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Clough Tea rooms

Clough lane was the main track to Prestwich Clough Dye Works which had been in operation since at least 1795. The stream of Prestwich Clough, fed the Dye works, and the Old Engine Cottage had once been a yarn bleaching croft using the water from the stream itself. Josiah Ryder is recorded as the crofter at Old Engine, and it is thought that he used small lodges to store a supply of water into lodges from the stream and the fields above, providing a more consistent supply.

The adjective "Engine" implies that the cottage at one time may have even benefited from a water wheel or other machine to convert the energy of the stream.

An Engine?The word Engine derives from "ingenium" or "ingine", a talent or ingenuity

Thorpe, the WhitsterA whitster called Issachar Thorpe was a local person to step up to bleaching on an industrial scale in his bleach works at the bottom of Prestwich Clough in about 1772. Issachar Thorpe had Dams Head Lodge built to supply his bleach works and dashwheels with water. Thorpe’s premises later became Wardleworths (famous for its Turkey Red dyes) and then turned into the Waterdale Bleachworks. Though St Mary's baptismal registers record Whitsters back to 1678.

What was a Whitster? A whitster, or whitner, removed the impurities such as seeds shell and waxes from cloth by dipping and stirring the cloth in large containers of alkali, a mix of potash and lime ((bowking). Once bleached, the cloth could then be dyed, but first would be laid out, or hung up on tenter frames (secured with tenter hooks) to dry in communal or private bleaching crofts. This practice led to names that live on today, such as Whittaker.As chemical replacements for natural substances (such as urine) were discovered the Whitsters became Bleachers, and machinery was introduce to the industry.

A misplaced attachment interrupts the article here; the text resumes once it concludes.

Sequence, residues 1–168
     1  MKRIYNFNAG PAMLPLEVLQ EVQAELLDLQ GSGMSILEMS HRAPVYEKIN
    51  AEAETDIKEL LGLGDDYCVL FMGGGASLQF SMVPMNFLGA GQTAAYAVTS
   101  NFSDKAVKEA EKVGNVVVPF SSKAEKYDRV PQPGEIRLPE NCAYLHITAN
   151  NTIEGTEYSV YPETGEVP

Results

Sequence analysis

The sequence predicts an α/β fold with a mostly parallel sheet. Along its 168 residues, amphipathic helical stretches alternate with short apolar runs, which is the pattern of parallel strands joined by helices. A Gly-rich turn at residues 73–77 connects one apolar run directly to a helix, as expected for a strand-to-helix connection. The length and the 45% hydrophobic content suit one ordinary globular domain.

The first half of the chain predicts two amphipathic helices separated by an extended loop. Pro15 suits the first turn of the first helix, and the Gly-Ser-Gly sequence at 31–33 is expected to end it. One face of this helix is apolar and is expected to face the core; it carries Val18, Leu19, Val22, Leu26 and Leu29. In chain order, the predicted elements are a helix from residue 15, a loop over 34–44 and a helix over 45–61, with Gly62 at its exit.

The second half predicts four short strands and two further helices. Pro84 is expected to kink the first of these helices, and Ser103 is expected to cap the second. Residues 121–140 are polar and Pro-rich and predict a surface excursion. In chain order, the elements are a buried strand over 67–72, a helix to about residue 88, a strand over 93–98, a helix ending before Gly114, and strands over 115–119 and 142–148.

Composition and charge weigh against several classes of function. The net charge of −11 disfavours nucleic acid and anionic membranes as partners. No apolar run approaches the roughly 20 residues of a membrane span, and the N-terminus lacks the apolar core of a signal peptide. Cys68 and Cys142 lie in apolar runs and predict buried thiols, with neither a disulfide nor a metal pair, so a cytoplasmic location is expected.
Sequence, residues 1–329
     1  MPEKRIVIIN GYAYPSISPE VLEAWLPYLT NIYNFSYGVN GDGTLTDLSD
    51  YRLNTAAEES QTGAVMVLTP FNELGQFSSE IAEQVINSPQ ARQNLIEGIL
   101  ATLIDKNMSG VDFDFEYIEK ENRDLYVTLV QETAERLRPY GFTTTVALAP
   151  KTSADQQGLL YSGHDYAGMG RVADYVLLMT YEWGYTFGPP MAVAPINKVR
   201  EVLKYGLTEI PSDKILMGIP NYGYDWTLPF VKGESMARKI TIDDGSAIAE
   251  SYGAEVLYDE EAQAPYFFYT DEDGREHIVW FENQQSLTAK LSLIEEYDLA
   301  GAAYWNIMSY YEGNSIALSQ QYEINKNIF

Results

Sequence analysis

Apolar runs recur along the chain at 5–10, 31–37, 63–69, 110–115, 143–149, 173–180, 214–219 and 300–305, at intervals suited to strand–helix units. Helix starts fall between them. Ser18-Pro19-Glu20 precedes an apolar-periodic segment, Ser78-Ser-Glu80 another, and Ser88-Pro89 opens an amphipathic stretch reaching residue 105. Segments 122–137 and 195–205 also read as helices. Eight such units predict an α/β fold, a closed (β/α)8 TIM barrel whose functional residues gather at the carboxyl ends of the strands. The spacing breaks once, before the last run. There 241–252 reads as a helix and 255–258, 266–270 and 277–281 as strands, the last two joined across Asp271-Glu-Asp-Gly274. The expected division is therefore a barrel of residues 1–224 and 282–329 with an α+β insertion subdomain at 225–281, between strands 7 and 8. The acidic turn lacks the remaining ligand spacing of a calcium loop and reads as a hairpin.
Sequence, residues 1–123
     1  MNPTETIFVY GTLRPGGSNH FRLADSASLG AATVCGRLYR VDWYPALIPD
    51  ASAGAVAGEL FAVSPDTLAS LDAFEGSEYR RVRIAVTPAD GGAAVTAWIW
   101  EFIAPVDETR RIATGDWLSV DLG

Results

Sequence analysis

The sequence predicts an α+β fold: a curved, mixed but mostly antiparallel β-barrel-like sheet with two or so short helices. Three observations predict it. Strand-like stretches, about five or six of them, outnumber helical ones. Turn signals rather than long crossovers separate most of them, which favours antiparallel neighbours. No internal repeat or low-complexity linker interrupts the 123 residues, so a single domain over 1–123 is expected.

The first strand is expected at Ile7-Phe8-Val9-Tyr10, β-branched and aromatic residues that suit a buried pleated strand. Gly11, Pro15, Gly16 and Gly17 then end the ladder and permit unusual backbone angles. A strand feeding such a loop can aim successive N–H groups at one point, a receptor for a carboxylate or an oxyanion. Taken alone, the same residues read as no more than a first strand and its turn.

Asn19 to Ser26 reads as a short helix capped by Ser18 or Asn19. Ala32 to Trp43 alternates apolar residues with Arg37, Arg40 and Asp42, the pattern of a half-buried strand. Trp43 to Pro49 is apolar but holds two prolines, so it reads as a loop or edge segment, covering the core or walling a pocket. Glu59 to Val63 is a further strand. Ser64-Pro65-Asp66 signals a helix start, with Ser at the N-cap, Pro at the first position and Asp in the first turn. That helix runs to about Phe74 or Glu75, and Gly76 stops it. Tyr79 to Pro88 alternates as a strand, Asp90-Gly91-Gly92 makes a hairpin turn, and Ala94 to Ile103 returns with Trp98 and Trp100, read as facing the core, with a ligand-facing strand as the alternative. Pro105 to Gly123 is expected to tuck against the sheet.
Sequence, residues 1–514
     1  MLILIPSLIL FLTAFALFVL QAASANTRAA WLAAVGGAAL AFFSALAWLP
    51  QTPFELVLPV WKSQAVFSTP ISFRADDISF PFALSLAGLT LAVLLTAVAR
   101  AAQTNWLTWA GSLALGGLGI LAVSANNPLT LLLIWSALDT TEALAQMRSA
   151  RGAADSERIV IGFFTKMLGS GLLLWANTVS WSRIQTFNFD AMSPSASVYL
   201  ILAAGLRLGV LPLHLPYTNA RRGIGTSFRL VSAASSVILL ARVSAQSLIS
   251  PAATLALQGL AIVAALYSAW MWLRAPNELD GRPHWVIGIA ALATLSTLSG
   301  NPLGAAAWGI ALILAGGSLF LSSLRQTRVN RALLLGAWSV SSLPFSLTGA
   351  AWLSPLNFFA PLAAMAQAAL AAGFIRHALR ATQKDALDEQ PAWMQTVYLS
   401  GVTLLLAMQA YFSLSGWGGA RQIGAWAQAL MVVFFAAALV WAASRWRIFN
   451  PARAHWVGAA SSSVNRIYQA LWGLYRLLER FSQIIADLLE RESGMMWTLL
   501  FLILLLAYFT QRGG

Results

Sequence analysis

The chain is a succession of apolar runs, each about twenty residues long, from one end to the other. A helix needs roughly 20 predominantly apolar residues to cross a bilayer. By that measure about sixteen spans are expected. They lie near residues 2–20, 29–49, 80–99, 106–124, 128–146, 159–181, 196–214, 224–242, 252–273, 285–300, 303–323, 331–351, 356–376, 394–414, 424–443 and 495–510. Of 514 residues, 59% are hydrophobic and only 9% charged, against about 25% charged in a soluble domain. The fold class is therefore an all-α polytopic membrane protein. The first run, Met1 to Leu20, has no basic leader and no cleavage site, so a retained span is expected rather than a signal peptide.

Clough Lane & The Old Engine Cottage 1839

The 1841 census which progressed down Clifton Road, before turning up Prestwich Clough, shows and agricultural labourer (James Hilton) and a farmer (Robert Leak) resident at Prestwich Clough. Robert Leake had actually been a "bleacher, dyer, dealer and chapman" of Prestwich Clough just 2 years earlier, when he had unfortunately been declared bankrupt in 1839.

In 1851, two households were listed as living in a cottage in Prestwich Clough, Mary Entwistle, a weaver, was present with 2 daughters, and James Hilton was still there with a lodger.

By 1861 we finally see "Old Engine" mentioned, with Willis Knight, Blacksmith from Gorton, resident.

In 1871, a Master Stone Mason called Isaac Ogden was living in Clough Cottage, along with his wife and four children. By 1881 Mr Ogden had moved his family up to Rectory Lane. It's unclear if anyone was living in the Old Engine Cottage, but there was a farmers assistant and his wife and two children listed next to the Knott family of Clough Farm.

The 1891 census lists Clough Cottage, with Thomas Grimshaw, yarn bleacher along with his wife 3 children and two lodgers. Thomas had been listed in the censuses from 1851.